During read operations, if the drive encounters a hard read error, it will either try to read the block several times or use error correction characters (ECC) to regenerate the lost data. As long as the debris is on the tape itself, this will normally work; however, with debris on the head, the chances of recovering the data is reduced.
Hard write errors have become a more serious problem than hard read errors. A first reason for this is that tape systems often employ powerful ECC systems which can correct even major read errors. Another reason is that systems often can read signals reliably to less than ten percent of their nominal value. In contrast, when writing, most systems require the minimum signal read back in read-while-write mode to be in the order of thirty-five to forty percent. Therefore, a drive may report a hard write error because the read signal has dropped to, as an example twenty percent, although the drive itself would be able to read such a signal. A tougher requirement on the quality of the read signal during the read-while-write operation insures adequate margins for tapes if they are to be read by other tape drives and/or stored for a long period of time.
Traditionally, a method which is used to remove debris from recording heads includes some form of cleaning, either manually or using some form of cleaning tape or cleaning cassette/cartridge. Such a method is normally effective for removing debris on the head itself, but typically requires an operator to perform at least part of the operation. As previously stated, this is frequently not desirable or not possible. Additionally, if debris is stuck on the tape itself, head cleaning will normally not solve this problem.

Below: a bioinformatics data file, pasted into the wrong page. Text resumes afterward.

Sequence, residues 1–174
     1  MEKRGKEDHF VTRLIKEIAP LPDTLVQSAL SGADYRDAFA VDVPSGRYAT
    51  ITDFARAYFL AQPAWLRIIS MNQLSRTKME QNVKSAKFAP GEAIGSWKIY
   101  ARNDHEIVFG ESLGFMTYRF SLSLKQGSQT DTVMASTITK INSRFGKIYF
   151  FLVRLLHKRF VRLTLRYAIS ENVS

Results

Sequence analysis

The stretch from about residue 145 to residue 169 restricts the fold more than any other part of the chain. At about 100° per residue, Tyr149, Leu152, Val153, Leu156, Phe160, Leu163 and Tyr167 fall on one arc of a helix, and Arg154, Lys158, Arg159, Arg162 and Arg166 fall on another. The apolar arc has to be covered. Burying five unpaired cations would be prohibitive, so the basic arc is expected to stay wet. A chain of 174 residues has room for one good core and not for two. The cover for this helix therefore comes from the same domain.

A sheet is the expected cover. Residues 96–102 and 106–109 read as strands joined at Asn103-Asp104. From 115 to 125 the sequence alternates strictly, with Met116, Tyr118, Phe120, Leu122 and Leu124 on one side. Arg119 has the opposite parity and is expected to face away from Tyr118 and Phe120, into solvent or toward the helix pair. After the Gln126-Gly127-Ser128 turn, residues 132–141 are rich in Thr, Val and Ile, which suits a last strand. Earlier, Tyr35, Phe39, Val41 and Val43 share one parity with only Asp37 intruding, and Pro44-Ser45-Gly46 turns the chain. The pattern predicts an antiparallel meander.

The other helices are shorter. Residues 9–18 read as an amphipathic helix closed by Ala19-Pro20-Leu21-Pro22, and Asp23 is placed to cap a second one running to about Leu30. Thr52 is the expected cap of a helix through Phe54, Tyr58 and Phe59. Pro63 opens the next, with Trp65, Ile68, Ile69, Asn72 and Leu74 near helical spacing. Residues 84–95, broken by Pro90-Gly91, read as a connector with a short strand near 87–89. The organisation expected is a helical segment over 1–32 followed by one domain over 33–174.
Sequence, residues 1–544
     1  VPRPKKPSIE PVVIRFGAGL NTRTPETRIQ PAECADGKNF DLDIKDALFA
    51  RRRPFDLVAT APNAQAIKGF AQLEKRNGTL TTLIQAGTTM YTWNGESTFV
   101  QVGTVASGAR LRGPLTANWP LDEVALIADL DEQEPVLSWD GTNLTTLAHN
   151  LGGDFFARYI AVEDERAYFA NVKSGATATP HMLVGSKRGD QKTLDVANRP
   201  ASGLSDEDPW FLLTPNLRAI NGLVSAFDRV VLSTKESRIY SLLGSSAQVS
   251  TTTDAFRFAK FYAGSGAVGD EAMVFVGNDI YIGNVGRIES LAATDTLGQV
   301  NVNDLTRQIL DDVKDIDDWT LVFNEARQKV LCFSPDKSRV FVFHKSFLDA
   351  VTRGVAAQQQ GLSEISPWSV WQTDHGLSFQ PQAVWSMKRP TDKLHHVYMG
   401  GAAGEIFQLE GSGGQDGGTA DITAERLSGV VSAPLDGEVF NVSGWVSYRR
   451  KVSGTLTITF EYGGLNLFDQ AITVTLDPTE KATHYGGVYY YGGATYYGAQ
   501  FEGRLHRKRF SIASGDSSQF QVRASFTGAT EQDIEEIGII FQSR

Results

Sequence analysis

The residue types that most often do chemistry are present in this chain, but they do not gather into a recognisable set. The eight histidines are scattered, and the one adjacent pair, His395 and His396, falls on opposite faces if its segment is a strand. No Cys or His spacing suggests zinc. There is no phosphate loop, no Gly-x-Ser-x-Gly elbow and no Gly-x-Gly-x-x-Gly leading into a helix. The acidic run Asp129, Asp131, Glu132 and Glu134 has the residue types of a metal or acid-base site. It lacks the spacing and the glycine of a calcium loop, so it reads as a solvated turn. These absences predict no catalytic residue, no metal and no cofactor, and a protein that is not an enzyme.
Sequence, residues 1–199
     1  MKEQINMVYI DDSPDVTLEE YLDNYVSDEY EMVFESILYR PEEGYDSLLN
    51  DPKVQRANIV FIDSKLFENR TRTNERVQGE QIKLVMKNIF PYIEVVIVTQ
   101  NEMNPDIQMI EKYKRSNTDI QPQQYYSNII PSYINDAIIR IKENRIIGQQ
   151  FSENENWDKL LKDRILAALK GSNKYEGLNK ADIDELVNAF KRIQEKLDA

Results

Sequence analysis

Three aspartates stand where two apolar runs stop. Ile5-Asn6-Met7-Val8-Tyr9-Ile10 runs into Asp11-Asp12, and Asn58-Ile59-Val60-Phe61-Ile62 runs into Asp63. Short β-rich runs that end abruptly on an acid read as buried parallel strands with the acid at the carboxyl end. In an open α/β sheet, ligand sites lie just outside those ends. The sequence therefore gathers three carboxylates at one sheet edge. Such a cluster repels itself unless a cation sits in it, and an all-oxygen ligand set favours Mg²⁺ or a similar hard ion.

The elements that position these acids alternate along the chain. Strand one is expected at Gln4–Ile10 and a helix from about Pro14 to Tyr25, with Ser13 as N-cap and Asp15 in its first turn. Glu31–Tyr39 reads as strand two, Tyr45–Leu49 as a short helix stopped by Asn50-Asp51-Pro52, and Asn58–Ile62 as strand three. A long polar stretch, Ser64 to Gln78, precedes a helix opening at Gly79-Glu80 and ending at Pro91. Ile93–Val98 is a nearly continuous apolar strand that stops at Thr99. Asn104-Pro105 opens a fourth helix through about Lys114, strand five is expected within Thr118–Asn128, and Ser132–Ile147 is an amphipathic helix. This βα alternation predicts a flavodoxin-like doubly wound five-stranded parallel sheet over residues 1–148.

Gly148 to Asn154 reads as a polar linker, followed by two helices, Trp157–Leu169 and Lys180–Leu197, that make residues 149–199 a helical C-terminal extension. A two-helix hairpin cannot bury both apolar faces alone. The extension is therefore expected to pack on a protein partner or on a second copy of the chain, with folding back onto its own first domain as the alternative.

To avoid problems with debris on the tape itself, 1/2-inch systems in which tape reels were handled by skilled operators can employ special scrapers built into the tape drive. These scraping devices can be effective in removing debris from the tape. In addition, other systems have been designed with separate scraping units. If a tape system failed with a hard write or read error, the operator may first attempt to clean the head by some manual method. If that did not solve the problem, the operator could then remove the tape reel and run it past a scraping device. These methods, coupled with the fact the systems were operating at fairly low linear densities and with wide tracks, can make such operations reliable.
Today, however, the situation has changed. First, the most popular form of tape drive system is no longer the 178 -inch reel-to-reel system. The 174 -inch tape cartridge is now the most popular form of tape for data storage. Some cartridges can hold more than two GBytes of data. However, the 1/4-inch tape cartridge has the problems related to hard write and read errors. For such high capacity systems, errors are becoming more and more of a problem. This is partially due to the increase in linear density and number of tracks, and further due to the fact that systems are typically operated by non-skilled workers in all kinds of environments. Additionally, since the tape is inside the cartridge, tape cleaning is more difficult. Traditional scrapers cannot normally be used since they may negatively influence the high density recordings.